And I would guess if they manage to be in power and do away with ‘the law’, then a ‘new law’ is passed! Isn’t that just cosmetic?

    su: Depends on what the “new law” is. If it is essentially a law that still blatantly overlooks basic human rights, then yes, it would be cosmetic, and I would imagine that most of us would be equally as vocal about it as per the ISA.

    Should we be genuinely interested in ‘the law’ we should focus our energy in commenting on the aspects of law that we feel is lacking.

    su: I believe we have.

    After all what is there in name if the purpose is the same.

    It then brings you to why all the big hoohaa on the first place. If it is not the law, then could it be just politising an issue to be seen as a champion of the people. I wonder sometimes if we feel that we are being used for some ulterior motives!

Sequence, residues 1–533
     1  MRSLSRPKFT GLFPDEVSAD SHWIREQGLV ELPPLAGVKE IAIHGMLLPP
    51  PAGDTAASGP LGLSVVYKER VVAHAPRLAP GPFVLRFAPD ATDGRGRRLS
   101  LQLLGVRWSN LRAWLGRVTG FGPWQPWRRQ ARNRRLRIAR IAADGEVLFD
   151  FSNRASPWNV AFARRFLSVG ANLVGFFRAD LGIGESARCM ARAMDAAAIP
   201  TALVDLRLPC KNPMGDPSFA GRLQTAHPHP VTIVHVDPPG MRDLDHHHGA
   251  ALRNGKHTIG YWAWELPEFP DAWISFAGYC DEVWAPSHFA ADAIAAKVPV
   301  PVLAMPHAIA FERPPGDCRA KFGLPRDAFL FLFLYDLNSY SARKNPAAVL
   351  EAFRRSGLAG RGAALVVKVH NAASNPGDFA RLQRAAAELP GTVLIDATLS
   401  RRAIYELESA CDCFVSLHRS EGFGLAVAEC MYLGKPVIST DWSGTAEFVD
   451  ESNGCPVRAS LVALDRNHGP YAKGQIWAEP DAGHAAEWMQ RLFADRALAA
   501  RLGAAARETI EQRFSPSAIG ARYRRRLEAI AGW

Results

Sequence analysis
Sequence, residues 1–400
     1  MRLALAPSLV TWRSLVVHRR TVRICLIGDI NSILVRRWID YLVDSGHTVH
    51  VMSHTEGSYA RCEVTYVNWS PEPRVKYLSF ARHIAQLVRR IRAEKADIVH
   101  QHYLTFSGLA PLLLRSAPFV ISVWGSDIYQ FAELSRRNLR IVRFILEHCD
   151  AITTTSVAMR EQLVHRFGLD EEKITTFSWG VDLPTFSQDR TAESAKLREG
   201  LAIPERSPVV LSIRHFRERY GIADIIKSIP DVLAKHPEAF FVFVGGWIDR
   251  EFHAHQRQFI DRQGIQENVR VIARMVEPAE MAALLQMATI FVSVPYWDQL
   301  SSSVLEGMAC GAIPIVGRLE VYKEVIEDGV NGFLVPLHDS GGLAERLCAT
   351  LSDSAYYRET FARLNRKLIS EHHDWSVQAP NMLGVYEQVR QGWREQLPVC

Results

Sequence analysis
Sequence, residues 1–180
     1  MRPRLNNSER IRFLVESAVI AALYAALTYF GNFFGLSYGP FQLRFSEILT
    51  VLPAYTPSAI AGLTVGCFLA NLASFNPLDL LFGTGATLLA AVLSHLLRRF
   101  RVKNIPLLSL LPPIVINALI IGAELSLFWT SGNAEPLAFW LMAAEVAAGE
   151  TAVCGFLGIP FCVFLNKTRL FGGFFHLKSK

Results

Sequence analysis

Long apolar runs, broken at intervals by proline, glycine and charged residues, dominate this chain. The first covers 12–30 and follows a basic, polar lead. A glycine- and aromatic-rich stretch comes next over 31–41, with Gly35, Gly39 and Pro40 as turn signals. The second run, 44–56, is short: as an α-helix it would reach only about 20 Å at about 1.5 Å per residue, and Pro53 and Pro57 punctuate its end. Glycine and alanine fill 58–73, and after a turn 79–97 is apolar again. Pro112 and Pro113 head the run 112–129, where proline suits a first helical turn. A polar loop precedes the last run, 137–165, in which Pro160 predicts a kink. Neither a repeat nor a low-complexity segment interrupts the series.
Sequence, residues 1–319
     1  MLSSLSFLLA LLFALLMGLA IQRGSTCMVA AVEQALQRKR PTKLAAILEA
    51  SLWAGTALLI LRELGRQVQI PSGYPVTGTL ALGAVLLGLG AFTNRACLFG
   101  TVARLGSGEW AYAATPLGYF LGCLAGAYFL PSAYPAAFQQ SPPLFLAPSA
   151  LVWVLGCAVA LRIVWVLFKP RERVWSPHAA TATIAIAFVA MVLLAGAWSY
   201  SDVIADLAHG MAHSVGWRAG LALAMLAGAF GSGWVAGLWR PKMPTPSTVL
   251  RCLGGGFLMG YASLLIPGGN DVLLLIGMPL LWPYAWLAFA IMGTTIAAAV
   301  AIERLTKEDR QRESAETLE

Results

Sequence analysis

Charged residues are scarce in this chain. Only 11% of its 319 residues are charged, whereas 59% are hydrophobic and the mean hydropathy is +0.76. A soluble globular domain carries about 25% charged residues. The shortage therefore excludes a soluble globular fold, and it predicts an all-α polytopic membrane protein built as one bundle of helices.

su: I guess we never really know if we’re being “used” or not. But ultimately, I like to believe (perhaps a little naive of me, but what’s youth without naivety!) that I answer to myself at the end of the day. If in the end I have been ‘used’, but my being ‘used’ achieves a goal of forming a better society, then it might well be worth it.

  4. It seems that you are so vocal, what is your suggestion to solve the crisis that jeopardize the peace and harmony of the country?

    Mind you the United States and the United Kingdom had similar legislation too.
    You have not made it clear what crisis you are talking about, but read my reply to meow’s first comment here.

  5. Wondering says:

    This is a separate issue but I was just wondering, what happened to the murderers of May 13 1969? Many people were murdered… and were the murderers tried in court?